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EADS RESULTS IN LINE WITH EXPECTATIONS

18 Mar 02. European Aeronautic Defense & Space Co. (EADS),the parent company of Airbus, earned $1.19bn in 2001 but warned on Monday that higher research and development spending and lower demand for passenger aircraft would hurt revenue and profit this year. The market did not like the news and by 1105 GMT the shares were down 5.13 percent at 16.10 euros, underperforming the DJ Stoxx European industrials index (^SXNP – news), which was 0.27 percent lower.

“The stock has had a strong run on hopes for a recovery, but investors haven’t recognised how long the aerospace cycle really is,” said Nick Cunningham at Schroder Salomon Smith Barney.
“As it becomes clear that weakness will extend out to 2003 the market may begin to realise that it bought the stock too early. There will be a time to buy EADS but it is not now.”
EADS on Monday predicted sharply higher profits at its problem space and defence/civil systems divisions and stuck with a goal to deliver 300 Airbus jets this year.
But the outlook for 2003 remained cloudy. EADS said on Monday that financing offered to clients would be limited to €1.8bn this year and decline next year, meaning it might not be able to lure as many jet buyers as it heads into what experts believe could be the most difficult year ever for the industry.

EADS posted a net profit of €1.37bn in 2001, (2000: (€909m), due to a charge of €1.4bn for currency hedging operations.

EADS, said revenue rose 27 percent to €30.8bn in 2001, (2000: €24.2bn). EADS said efficiency gains helped boost operating profit by 21 percent to €1.69bn ($1.47bn) in 2001. The company, and most analysts, had forecast a 15 percent rise in operating profit. Excluding foreign exchange gains and accounting changes, operating profit rose 5 percent.

Airbus, generated the bulk of EADS’ 2001 operating profit with a contribution of €1.66bn($1.44bn), (2000: €1.41bn). EADS has decided to consolidate 100 percent of Airbus’ results in its 2001 accounts and beyond, even though it owns 80 percent of the aircraft maker.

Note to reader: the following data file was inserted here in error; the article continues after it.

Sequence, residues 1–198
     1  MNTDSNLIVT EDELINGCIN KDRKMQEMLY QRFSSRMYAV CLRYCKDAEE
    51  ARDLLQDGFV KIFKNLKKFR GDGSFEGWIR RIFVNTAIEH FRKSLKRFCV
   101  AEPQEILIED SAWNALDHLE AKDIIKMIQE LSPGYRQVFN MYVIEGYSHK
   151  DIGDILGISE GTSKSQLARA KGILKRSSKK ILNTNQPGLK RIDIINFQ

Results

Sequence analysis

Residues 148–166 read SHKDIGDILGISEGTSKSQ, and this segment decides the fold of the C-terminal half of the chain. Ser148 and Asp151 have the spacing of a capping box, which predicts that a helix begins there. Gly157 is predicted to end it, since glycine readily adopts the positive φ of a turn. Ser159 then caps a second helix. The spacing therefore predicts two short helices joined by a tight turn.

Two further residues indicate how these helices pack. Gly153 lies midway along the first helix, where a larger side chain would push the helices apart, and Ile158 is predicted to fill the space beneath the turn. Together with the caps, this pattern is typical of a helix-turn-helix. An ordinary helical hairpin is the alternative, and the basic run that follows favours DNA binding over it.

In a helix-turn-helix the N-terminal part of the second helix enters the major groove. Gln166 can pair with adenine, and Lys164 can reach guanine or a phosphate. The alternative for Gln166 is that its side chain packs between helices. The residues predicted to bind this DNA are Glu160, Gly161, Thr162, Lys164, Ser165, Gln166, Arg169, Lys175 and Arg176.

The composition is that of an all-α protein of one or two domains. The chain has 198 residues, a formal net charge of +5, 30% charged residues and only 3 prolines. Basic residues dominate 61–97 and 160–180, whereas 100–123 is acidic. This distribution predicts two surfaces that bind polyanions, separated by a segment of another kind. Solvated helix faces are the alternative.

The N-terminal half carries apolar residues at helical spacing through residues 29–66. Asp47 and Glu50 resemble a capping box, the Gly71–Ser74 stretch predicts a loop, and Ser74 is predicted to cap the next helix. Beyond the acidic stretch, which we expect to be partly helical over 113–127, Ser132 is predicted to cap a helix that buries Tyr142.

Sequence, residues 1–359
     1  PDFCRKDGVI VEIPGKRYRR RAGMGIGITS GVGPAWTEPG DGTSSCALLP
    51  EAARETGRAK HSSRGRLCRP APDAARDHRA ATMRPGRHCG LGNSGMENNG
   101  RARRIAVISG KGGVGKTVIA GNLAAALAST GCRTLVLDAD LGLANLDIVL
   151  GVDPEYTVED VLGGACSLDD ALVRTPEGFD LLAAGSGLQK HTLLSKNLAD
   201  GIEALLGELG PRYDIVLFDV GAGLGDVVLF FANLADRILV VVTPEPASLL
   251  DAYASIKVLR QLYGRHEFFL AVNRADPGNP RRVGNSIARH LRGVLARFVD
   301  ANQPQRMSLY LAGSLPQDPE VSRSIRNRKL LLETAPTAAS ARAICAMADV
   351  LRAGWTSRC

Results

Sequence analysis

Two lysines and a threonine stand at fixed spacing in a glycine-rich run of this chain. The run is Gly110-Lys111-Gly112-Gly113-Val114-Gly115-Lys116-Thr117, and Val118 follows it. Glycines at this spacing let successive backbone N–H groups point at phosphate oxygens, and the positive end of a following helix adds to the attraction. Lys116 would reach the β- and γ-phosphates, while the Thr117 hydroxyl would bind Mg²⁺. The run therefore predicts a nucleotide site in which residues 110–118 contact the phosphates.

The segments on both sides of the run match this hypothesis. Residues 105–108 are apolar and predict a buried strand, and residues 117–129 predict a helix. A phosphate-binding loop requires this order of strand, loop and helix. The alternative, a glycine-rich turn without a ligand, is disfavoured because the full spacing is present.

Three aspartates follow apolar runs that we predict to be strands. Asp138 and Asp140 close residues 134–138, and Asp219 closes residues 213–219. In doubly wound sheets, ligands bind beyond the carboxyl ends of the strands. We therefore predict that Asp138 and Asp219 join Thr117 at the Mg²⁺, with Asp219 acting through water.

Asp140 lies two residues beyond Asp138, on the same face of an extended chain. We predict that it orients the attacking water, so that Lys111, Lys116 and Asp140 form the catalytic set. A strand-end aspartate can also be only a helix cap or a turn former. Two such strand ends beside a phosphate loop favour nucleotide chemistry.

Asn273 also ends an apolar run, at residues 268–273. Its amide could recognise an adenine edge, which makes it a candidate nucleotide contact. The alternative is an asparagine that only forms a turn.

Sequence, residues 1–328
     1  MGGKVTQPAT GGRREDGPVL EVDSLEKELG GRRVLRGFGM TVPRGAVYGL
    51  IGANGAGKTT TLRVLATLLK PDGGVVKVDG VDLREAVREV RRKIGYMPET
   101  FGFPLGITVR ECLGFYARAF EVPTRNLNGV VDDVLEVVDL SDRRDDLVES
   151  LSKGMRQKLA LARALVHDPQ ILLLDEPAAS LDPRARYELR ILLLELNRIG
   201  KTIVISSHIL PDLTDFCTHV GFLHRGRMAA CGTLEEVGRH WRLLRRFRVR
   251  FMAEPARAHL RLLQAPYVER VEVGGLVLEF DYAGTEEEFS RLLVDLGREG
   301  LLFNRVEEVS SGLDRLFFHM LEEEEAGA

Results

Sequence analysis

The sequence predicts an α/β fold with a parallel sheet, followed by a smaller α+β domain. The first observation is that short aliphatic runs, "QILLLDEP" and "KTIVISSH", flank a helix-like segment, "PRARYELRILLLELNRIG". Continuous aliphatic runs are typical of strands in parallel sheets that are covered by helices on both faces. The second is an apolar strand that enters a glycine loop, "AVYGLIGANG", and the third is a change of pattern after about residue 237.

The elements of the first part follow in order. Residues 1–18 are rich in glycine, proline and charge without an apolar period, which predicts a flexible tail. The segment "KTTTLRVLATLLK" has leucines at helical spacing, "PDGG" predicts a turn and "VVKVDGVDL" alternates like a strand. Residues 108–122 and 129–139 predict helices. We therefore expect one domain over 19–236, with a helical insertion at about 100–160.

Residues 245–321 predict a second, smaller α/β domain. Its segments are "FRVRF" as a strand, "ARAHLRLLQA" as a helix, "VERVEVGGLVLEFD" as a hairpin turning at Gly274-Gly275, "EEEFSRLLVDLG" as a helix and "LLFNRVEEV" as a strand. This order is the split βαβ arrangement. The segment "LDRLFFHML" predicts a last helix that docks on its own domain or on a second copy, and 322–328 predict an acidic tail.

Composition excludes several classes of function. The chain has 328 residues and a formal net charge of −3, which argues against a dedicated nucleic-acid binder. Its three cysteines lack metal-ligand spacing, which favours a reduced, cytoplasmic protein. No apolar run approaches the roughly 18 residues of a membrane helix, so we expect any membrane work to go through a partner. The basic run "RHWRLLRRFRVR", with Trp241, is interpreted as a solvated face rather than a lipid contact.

The company said it expects revenue to slide 2 percent in 2002, mainly because
Airbus is caught in the aviation downturn. It will deliver just 300 aircraft
this year, compared with a record level of 325 in 2001.

A spike in research and development spending, as Airbus ploughs more cash into its proposed A380 555-seat double-decker, is likely to eat into operating profit.
The company posted large operating losses in two key divisions — space and defence/civil systems — although it forecast a return to breakeven in space this year and significant improvement in the systems unit amid restructuring at both divisions. The space division will be helped by the announcement of the award of the £2bn+ UK Skynet 5 contract

EADS has been searching for ways to boost the size of its defence business, and thereby compensate for the downturn in the civil aircraft market. But few acquisition opportunities exist and European defence budgets are under pressure, leaving crucial EADS programmes in doubt. At the Paris Air Show last year Dr Stefan Zoller said his aim wes the creation of a $3bn defence electronics segment. Thales’ current problems may offer an opportunity for EADS but the company said that a take-over of Thales was not on the agenda

EADS CEO Philippe Camus said that the company is not looking to buy any of the assets of U.S. aerospace to autos firm TRW Inc. (NYSE:TRW – news).
“No,” Camus responded, when asked if EADS was eyeing TRW activities. “These are ultra-classified activities,” he added, speaking to reporters after the release of EADS 2001 results.

Camus also downplayed the possibility of any big deals for EADS this year, saying the company was focusing on getting its existing businesses running smoothly.

“Acquisitions are not our priority in 2002,” he said.

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